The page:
THE dad of a tragic teenager is backing a campaign which could save the lives of others.
Tonibeth Purvis, 15, died a hero last year when she went into the River Wear in a bid to save her friend Chloe Fowler, 14, who had got into difficulties.
Despite a major emergency rescue operation, neither of the girls survived.
Now, Tonibeth’s father, Michael Purvis, says he is fully behind MP Sharon Hodgson’s call for water survival skills to become part of the national curriculum.
The Washington taxi driver said: “This would be a fantastic thing if it could save the lives of other children.
“Now the weather is getting hot again, young people will be going to the river, which is a huge worry.
“I think my other two children have learned the hard way to stay out of the river, and hopefully others as well, but kids will be kids.”
Michael, 41, from Barmston, who is also dad to Michael, 13, and eight-year-old Georgia, said he will never get over losing his daughter.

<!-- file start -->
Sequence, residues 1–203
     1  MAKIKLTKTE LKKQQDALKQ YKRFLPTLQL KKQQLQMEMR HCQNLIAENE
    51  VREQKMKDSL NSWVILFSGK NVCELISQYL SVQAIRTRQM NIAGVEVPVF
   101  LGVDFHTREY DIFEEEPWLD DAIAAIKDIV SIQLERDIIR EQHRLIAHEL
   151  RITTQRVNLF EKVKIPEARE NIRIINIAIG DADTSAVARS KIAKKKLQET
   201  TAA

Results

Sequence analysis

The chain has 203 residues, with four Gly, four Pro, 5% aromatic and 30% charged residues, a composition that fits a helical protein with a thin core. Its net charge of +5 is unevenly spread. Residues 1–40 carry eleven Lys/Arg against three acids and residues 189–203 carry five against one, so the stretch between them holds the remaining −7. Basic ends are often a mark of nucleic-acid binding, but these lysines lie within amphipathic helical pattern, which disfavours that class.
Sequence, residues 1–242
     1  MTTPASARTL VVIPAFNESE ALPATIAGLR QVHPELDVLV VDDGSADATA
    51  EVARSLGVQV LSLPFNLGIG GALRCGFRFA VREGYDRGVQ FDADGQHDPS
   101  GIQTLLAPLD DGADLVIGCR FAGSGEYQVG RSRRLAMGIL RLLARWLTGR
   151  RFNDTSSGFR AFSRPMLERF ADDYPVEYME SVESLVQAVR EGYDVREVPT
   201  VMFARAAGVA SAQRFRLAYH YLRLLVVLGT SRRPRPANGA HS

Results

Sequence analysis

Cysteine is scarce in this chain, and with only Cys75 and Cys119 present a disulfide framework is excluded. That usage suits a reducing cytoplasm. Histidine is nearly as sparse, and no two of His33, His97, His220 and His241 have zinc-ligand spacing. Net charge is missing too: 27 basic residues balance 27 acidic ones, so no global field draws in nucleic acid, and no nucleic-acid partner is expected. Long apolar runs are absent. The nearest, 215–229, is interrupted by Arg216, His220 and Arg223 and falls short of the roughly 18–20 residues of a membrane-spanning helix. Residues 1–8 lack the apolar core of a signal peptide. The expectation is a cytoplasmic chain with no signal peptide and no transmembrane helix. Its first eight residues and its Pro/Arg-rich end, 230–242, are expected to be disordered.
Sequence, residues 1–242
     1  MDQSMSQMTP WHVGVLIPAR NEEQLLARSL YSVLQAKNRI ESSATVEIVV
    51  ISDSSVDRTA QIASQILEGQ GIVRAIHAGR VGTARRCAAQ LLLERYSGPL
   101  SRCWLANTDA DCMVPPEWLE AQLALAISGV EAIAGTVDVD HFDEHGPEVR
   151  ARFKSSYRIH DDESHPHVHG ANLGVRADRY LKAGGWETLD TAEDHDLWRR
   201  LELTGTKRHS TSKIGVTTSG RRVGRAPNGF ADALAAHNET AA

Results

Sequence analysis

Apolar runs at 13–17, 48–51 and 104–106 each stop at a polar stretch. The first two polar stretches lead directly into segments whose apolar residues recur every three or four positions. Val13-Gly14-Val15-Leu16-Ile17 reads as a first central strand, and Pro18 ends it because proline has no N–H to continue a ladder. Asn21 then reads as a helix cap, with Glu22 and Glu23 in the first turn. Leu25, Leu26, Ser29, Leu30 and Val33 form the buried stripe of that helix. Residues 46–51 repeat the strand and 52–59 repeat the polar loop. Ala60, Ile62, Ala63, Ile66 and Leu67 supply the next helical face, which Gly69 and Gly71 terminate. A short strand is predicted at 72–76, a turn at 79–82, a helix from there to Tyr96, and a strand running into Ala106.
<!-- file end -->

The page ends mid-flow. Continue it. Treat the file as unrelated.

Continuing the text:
He said: “It is particularly hard at the minute seeing all the kids getting excited for their proms.Tonibeth would have been leaving school now.”
The tragic drownings of Tonibeth and Chloe were highlighted in a debate in Parliament earlier this week when Mrs Hodgson, MP for Washington and Sunderland West, called on ministers to learn from their deaths.
She said teaching children to swim 25 metres in a warm, clear swimming pool with a lifeguard, is a far cry from a child finding themselves in a cold lake, river or sea with strong currents and hidden hazards.
Mrs Hodgson said she agreed with the RLSS, Royal Life Saving Society, that every child is taught the basic principles of water safety education and schools should have a clear understanding of what is expected from them and be accountable for it.
Figures from the National Water Safety Forum show that 89 children and young people died in water over 2011 and 2012, the majority of them teenagers.
The debate comes ahead of National Drowning Prevention Week, June 21-29, which for the first time is targeting secondary schools as well as primary schools.
Speaking after the debate, Mrs Hodgson said: “Every single one of these deaths represents an individual tragedy, and a huge hole in the lives of families like Tonibeth’s and Chloe’s.
“Anything we can do to prevent more deaths is worthwhile doing, and our schools are undoubtedly best placed to lead on this.”